The EU Council has published its conclusions on EU relations with Switzerland, in which it notes Switzerland’s voluntary alignment to EU sanctions on a case-by-case basis. It encourages Switzerland to remain consistent in the application of sanctions, including in preventing their circumvention, and invites Switzerland to align itself further with EU sanctions on Russia over its involvement in the crisis in Ukraine.
The EU’s press release is here.
Switzerland has followed the EU (blog here) and US (blog here) in imposing sanctions on 6 Russian parliamentarians elected to represent the annexed Crimea region of Ukraine in September. Neither the EU nor US recognise the legitimacy of the elections.
The EU & Switzerland have joined the US in implementing the recent UN designations of Joseph Kony and his group the Lord’s Resistance Army (see previous blog). Under Kony’s leadership, the LRA is said to have been involved in the abduction and mutilation of thousands of civilians across central Africa, illicit trade in natural resources, sexual violence, murder, slavery, and the recruitment of child soldiers since the group was founded in 1987.
The EU designations are made by Implementing Regulation 2016/354 implementing Regulation 224/2014 and Implementing Decision 2016/360 implementing Decision 2013/798/CFSP and its notice to Kony and the LRA is here. Switzerland’s ordinance is here.
Switzerland has followed the EU in lifting its asset freezes and travel bans that relate to all but 4 people on its sanctions against Belarus (see previous blog). The Swiss government’s notice is here, and its consolidated list of Belarus targets is here.
Switzerland has followed the EU, US, and UN in de-listing Bank Sepah from its sanctions against Iran (see previous blog), along with Naser Bateni and the company he manages Hanseatic Shipping Trust, whose EU listings were annulled in October 2015 (see previous blog), and 3 entities connected to Islamic Republic of Iran Shipping Lines, also reflecting UN and EU modifications to their own sanctions.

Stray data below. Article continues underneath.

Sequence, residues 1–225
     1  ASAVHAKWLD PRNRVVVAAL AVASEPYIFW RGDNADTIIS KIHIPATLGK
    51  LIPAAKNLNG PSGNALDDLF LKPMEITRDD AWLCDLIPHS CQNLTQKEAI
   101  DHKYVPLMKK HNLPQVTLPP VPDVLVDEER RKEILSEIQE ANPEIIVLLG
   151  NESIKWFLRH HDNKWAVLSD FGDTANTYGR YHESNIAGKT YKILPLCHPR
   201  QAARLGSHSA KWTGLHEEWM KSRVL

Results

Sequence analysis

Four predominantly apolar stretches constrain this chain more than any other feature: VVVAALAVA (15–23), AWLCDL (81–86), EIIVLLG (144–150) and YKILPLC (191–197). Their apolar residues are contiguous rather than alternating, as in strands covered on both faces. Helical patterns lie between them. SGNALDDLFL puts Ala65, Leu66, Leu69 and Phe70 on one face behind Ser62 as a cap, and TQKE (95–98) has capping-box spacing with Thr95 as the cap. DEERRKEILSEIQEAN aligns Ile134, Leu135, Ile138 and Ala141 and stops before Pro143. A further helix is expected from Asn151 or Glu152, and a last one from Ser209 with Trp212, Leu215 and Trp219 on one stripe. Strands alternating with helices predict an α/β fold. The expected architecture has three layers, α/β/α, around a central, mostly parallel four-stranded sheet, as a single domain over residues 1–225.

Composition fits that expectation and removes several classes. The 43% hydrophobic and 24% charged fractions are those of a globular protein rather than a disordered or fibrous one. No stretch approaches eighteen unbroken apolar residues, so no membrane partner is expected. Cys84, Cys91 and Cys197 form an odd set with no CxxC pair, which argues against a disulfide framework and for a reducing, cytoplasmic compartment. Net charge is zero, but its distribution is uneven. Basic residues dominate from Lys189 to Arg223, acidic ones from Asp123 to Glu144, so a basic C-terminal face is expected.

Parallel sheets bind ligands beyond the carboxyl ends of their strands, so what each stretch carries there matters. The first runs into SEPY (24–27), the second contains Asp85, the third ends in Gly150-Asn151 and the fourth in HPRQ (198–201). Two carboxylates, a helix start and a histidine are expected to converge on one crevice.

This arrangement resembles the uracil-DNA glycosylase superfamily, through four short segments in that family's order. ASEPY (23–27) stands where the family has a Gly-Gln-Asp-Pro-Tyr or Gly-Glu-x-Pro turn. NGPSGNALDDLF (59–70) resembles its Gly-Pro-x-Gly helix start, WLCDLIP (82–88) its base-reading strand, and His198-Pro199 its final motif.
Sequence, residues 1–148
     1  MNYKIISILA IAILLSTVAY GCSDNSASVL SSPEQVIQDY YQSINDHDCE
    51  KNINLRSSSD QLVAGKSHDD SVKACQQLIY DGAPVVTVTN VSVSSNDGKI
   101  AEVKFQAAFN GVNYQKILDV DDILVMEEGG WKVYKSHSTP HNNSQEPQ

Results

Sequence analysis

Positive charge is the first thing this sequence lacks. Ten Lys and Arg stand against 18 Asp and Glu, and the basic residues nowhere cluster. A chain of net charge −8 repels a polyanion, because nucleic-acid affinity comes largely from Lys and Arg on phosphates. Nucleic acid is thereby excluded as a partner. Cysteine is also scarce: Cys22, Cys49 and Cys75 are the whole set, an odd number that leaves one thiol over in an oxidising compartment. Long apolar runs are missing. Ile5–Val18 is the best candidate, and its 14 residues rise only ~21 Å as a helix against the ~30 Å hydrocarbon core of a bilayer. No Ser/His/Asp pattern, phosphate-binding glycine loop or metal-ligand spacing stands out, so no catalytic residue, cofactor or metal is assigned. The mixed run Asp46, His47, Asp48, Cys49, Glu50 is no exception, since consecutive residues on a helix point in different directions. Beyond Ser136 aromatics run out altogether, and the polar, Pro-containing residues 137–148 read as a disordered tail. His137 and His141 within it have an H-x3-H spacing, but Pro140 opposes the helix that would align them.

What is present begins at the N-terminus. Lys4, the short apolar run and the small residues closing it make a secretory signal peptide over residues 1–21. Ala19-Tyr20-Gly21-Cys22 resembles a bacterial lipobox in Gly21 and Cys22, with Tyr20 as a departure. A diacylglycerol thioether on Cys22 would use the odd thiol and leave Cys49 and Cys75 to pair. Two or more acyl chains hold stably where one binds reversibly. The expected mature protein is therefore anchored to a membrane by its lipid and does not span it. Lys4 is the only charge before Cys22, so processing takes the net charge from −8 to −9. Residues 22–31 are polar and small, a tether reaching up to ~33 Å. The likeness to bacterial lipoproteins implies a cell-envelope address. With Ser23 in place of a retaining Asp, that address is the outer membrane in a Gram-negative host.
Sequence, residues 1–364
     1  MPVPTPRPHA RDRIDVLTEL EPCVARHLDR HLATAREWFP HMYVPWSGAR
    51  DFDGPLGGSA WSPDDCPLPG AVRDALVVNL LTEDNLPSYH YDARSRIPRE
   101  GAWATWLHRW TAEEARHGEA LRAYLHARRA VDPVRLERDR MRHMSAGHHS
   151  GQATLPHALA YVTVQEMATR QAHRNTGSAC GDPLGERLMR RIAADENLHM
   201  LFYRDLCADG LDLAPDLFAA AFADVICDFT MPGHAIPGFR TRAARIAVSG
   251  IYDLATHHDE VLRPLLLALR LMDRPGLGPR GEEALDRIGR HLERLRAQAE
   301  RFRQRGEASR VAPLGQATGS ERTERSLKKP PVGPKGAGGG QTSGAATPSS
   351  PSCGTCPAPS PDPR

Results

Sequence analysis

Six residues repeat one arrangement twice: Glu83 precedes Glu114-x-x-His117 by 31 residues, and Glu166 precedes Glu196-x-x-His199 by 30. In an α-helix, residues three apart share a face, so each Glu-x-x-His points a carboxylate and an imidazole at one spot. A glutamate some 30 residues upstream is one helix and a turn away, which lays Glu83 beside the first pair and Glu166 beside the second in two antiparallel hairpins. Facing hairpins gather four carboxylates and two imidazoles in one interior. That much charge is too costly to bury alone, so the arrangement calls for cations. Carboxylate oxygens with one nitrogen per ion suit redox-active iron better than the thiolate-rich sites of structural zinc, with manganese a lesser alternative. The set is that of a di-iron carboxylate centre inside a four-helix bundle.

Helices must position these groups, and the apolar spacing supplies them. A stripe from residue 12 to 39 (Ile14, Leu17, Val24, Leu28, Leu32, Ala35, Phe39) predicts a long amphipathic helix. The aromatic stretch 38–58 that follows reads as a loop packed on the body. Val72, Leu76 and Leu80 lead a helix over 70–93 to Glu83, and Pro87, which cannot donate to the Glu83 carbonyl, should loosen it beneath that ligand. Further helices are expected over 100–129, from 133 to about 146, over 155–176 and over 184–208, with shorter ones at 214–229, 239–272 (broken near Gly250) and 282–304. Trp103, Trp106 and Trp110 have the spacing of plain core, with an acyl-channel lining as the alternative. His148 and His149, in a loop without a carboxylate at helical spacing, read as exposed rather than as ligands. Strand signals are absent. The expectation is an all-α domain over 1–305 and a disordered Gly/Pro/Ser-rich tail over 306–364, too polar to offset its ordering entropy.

The Swiss Government’s notice is here.
In response to the implementation of the JCPOA nuclear deal last Saturday (see previous blog), Switzerland has lifted a several of its own sanctions on Iran. The remaining Swiss sanctions on Iran are based on the corresponding UN and EU measures, and restrict trade in arms, dual-use goods, and nuclear goods as well as the provision of technical services for Iranian cargo aircraft, and impose asset freezes and travel bans on a limited number of people and entities.
In its announcement, the Swiss government notes that it “has always supported the process to negotiate and implement the agreement”, and adds that this “will enable political and economic exchanges to be intensified”.
Switzerland has said that it plans “in principle” to ease its sanctions against Iran, in accordance with changes made by the EU and UN to their own sanctions regimes following the agreement of the JCPOA nuclear deal in July. The Swiss government stated that it has asked the Economy Ministry to draft changes to the sanctions which “open new perspectives for cooperation with Iran”, though it has also said that sanctions would remain in place until Iran meets its obligations under the nuclear deal.
In August, Switzerland lifted a number of its sanctions against Iran, which had been suspended since January, in response to the agreement of the JCPOA (see previous blog).
Switzerland has lifted its a number of its sanctions against Iran, which had been suspended since January 2014. The Swiss government cited the nuclear deal (JCPOA) agreed between Iran and the E3/EU+3 last month, stating in its press release that “The Federal Council wishes today’s steps to be seen as a sign of its support for the implementation of the nuclear agreement and its interest in deepening bilateral relations with Iran”.
Switzerland’s sanctions regime on Iran had banned trade in precious metals with Iranian state bodies and required that all trade in and relating to Iranian petrochemical products be reported. The Federal Council has also increased the threshold values for reporting and licensing obligations in relation to money transfers involving Iranian nationals ten-fold. In addition, a new exemption clause has been introduced by the Swiss government to The Ordnance of Measures regarding the Islamic Republic of Iran, authorising moves to implement UN Security Council Resolution 2231 (see previous blog).
The Federal Council stated that it will monitor the implementation of the JCPOA and adapt Swiss measures accordingly, adding that “should implementation of the agreement fail the Federal Council reserves the right to reintroduce the lifted measures”.